But he wanted to learn more, especially on the medical side. He decided to pursue a master’s in biomedical engineering. “The biomed was so different from the mechanical,” said Cabak. “I really enjoyed that.”

Cabak took a chance and left for Boston Scientific, and then Medtronic. Finally, he went to Uromedica, a small company in Plymouth, Minn. founded by former American Medical Systems employees. The company sells devices for urinary incontinence but only in Europe as it awaits FDA approval to sell in the United States. Cabak is the director of research and development and operations. “Since we’re small, I have to do it all,” he said. “One of the things I’ve learned is at a big company you can do a lot in a small area. In a small company, you get to do a lot of everything.”

Like grandfather and uncle

Matt Rontti (ME ’12)—Jim Cabak, Sr.’s grandson and Jim Cabak Jr.’s nephew— credits his grandfather for sparking his interest in engineering. “Mathematics was always my strongest subject in high school, followed by the sciences,” said Rontti. “However, I remember visiting the mechanical engineering building and labs on the Minneapolis campus with my grandfather when I was young. I think that may have influenced my decision to attend the University of Minnesota because it was the only college I applied to. I never looked elsewhere.”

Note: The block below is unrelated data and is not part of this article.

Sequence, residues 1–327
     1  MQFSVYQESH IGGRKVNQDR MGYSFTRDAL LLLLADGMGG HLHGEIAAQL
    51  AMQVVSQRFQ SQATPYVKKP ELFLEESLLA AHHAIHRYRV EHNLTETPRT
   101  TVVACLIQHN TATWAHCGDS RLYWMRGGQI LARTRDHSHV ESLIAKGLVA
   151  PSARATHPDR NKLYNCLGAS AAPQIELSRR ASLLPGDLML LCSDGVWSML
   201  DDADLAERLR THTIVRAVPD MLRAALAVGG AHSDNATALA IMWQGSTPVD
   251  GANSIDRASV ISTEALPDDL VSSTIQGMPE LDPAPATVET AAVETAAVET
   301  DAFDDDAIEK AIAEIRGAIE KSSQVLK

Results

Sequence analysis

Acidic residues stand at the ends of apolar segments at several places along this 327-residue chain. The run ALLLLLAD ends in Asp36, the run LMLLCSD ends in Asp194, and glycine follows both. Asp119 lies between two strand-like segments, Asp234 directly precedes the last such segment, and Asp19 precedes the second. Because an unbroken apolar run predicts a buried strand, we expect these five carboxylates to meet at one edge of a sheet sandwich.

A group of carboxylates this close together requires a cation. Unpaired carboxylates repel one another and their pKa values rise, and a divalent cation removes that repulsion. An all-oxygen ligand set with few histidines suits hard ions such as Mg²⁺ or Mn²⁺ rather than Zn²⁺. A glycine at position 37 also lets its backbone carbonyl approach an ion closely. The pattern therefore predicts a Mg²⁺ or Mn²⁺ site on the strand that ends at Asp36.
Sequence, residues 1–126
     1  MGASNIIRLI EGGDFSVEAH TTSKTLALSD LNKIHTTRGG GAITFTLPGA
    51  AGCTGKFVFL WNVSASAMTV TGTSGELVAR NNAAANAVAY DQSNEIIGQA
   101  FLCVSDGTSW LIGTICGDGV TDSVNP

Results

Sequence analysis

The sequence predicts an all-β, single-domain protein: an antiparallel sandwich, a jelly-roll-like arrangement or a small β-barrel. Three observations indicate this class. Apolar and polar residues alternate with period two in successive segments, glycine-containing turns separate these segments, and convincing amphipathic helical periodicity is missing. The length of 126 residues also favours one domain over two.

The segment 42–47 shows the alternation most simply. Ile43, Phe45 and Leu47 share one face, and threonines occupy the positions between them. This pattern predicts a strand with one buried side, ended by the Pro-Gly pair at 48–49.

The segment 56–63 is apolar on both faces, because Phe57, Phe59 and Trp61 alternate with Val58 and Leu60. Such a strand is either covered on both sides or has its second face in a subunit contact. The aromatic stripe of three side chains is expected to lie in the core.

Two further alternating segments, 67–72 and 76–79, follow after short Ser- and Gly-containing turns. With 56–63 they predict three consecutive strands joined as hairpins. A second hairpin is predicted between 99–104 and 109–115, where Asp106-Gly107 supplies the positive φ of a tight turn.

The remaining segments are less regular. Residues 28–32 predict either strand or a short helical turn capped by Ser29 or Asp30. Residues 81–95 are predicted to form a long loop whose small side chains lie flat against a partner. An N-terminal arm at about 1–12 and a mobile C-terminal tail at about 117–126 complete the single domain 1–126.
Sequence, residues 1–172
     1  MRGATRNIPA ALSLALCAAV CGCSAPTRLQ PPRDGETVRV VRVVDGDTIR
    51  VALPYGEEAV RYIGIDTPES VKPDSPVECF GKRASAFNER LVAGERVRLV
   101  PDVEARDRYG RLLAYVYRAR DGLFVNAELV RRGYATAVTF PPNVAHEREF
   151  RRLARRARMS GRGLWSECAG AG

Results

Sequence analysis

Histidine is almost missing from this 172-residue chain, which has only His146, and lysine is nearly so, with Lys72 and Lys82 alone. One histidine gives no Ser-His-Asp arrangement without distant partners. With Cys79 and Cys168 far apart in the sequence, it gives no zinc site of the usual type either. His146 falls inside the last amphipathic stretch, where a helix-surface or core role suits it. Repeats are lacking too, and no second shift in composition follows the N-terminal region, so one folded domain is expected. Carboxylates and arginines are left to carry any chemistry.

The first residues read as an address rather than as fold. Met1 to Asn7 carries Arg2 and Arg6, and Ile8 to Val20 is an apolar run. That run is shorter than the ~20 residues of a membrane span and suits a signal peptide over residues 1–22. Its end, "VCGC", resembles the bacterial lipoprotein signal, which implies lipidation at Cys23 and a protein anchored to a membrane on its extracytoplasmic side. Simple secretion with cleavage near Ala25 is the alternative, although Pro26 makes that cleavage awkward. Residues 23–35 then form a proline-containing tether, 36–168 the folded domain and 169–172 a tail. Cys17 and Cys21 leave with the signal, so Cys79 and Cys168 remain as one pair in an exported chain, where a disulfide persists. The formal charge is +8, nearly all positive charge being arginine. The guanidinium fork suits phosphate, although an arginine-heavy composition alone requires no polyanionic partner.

He also was drawn to the urban atmosphere, after growing up in Elk River, Minn. “I liked being close to the city, where major attractions were so convenient,” he said.

Like his grandfather and uncle before him, Rontti majored in mechanical engineering, which was his first choice. “It seemed like a natural and logical fit,” Rontti said.

As a student, Rontti participated in the Engineering Co-op Program at PaR Systems, Inc. in Shoreview, Minn. where he is now employed full-time as a mechanical engineer. Similar to an internship, the co-op experience provides valuable work experience during the last two years of a student’s academic career, and gives them an opportunity to apply some of their knowledge of fundamental theory to practical problem solving. Students also earn credits toward their degree program.

Rontti says he enjoys his position where he works on 3D CAD (computer-aided design) modeling for large-scale robotic applications. He is also looking into earning an advanced degree, perhaps an MBA or Management of Technology degree through CSE.

“I feel CSE did a great job of preparing me for working in industry,” Rontti said. “I would recommend it to any one of my friends or future family members.”

The next generation

Continuing the family’s engineering tradition is Melissa Cabak, Jim Jr.’s daughter. A sophomore in chemical engineering, she also competes for the University in women’s cross-country and track and field. She attributes her interest in engineering at least in part to watching her dad. “Because my dad works at a small company, I’ve been able to go in and see exactly what he does at a level I wouldn’t be able to do if he worked in a large company,” she said.

She likes science but is drawn to engineering for its practicality. “I have always been pretty good at math and science, but the appeal of engineering rather than a straight up chemistry degree is probably that I enjoy the application,” she said. “I’d rather have the whole knowledge base and get to go ahead and apply what I learned.”